Stiffening of retinal blood vessels threatens vision in diabetes
Using atomic force microscopy, researchers at Doheny Eye Institute, an affiliate of UCLA, discovered retinal capillary stiffening in diabetic mice that is causally linked to the development of retinopathy
News provided byDoheny Eye Institute
Nov 21, 2023, 8:00 AM ET
PASADENA, Calif., Nov. 21, 2023 (GLOBE NEWSWIRE) -- Doheny Eye Institute, a pioneer in vision research, is pleased to announce the publication of a novel approach to early diabetic retinopathy prevention in Diabetes, the flagship research journal of the American Diabetes Association.
With the global surge in diabetes cases, the risk of diabetic retinopathy (DR), a vision-threatening complication affecting nearly 40% of all individuals with diabetes, has also escalated significantly.
Late-stage DR, characterized by multiplication and leakiness of smaller blood vessels (capillaries) in the retina, often leads to vision loss. Current treatments for this stage are ineffective for many patients and involve repeated eye injections with potential complications. Managing DR at its early stages, when these retinal capillaries degenerate, is therefore deemed a preferred strategy. But exactly how these capillaries are lost in early diabetes remains poorly understood.
Now, a multidisciplinary study by researchers at the Doheny Eye Institute, an affiliate of UCLA, in collaboration with vision researchers at UC Irvine, has revealed an entirely new mechanism behind the early loss of retinal capillaries in diabetes.
Using atomic force microscopy, a technique originally developed for physics and materials science research, they demonstrated that retinal capillaries in diabetic mice become stiffer in the early stages. Crucially, blocking this stiffening inhibited capillary degeneration and mitigated the loss of contrast sensitivity, a common visual defect in early DR patients.
These findings appear in the Nov 21 online issue of Diabetes.
That diabetes causes stiffening of large blood vessels is already known. "If larger blood vessels can become stiffer in diabetes, perhaps so could the smaller retinal capillaries", reckoned Kaustabh Ghosh, senior author of the study and Associate Professor of Ophthalmology at UCLA and Doheny Eye Institute.
Having identified the protein (lysyl oxidase) responsible for the increase in retinal capillary stiffness, the researchers administered an oral drug to diabetic mice that inactivated lysyl oxidase, successfully blocking capillary stiffening. Further investigation into the mechanism revealed that stiffer capillaries become more adhesive and sensitive to toxic immune cells that contribute to DR development, resulting in increased capillary cell death.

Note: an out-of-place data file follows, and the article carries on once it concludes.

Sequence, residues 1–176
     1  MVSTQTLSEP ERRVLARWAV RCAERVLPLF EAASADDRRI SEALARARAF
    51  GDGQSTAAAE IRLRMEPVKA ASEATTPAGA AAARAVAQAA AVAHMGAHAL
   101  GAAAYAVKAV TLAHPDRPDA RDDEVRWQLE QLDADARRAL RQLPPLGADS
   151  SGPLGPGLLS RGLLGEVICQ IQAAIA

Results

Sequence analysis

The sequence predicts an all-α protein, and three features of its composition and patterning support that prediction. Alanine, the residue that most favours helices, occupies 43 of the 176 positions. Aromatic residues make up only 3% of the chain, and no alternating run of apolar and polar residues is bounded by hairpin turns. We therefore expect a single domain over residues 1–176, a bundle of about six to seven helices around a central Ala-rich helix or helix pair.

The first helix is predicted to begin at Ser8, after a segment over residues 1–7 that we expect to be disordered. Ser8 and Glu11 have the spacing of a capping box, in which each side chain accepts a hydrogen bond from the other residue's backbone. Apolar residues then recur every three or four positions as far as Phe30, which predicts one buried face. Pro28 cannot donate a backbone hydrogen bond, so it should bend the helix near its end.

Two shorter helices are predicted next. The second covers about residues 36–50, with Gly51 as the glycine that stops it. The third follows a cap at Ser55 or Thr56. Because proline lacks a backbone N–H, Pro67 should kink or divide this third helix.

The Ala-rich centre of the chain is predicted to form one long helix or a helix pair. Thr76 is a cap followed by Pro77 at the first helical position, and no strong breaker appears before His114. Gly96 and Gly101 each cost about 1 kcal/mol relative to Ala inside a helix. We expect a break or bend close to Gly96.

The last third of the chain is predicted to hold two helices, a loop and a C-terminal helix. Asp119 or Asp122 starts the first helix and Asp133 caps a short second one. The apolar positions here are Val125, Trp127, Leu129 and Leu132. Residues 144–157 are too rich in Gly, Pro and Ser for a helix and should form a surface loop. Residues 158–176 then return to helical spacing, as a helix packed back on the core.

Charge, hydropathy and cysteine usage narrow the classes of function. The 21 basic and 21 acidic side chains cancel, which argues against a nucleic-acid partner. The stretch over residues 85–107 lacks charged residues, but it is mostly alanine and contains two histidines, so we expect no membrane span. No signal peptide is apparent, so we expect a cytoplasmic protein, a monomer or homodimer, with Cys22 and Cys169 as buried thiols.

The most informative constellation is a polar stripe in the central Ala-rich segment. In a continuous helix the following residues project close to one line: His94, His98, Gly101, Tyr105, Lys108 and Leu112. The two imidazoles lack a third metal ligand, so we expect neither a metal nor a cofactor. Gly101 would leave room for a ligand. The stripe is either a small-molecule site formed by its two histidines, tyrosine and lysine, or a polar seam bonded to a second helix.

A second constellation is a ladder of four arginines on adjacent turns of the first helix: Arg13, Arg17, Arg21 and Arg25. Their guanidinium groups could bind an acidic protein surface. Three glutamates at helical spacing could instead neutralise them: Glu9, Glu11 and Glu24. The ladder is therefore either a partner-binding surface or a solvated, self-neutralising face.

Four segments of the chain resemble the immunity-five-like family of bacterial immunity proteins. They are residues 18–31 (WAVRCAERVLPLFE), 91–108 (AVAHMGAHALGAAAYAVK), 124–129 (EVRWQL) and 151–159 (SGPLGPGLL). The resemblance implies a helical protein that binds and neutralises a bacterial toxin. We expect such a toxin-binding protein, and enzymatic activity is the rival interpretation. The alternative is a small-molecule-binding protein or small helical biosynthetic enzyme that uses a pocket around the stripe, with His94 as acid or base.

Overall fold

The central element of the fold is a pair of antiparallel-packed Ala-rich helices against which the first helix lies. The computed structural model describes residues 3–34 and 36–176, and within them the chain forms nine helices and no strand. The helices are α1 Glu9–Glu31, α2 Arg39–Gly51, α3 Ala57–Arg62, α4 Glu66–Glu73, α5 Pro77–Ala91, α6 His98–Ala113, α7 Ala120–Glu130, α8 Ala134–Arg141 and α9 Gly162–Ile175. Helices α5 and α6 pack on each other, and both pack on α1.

Prof. Ghosh draws an analogy: "Just as increasing the tension in guitar strings changes their musical tune, increasing the tension (stiffness) in retinal capillaries changes their biological tune in response to DR risk factors, ultimately causing their degeneration."
These promising findings showcase the potential of an oral drug to inhibit retinopathy, thus eliminating the need for repeated eye injections, and introduce retinal capillary stiffness as a new target for DR prevention strategies.
Srinivas Sadda, MD, Professor of Ophthalmology at UCLA and Doheny Eye Institute and a world-renowned expert in retinal imaging, notes an additional potential impact on patient care: "If stiffening alters blood flow characteristics in retinal capillaries, as I would predict, new imaging techniques that can measure sensitive blood flow parameters may provide surrogates for non-invasive detection of retinal capillary stiffening in early DR patients prior to capillary loss, thereby tremendously improving clinical DR management."
Link to the full article in Diabetes which will go live on November 21: https://doi.org/10.2337/db23-0584
About Doheny Eye Institute
Doheny Eye Institute is one of the nation’s leading vision research institutions with a history dating back over 75 years. Doheny scientists and clinician-scientists remain at the forefront of vision science investigating diabetic retinopathy, uveitis, age-related macular degeneration, and the use of artificial intelligence in helping to diagnose ocular disease.
Since 2013, the Doheny and UCLA Stein Eye Institute affiliation combine the strength, reputation, and distinction of two of the nation’s top eye institutions to advance vision research, education, and patient care in Southern California. Together, Doheny Eye Institute and UCLA Stein Institute are ranked in the Top 5 vision centers in the country by U.S. News & World Report.
For more information visit www.Doheny.org.
Molly Ann Woods
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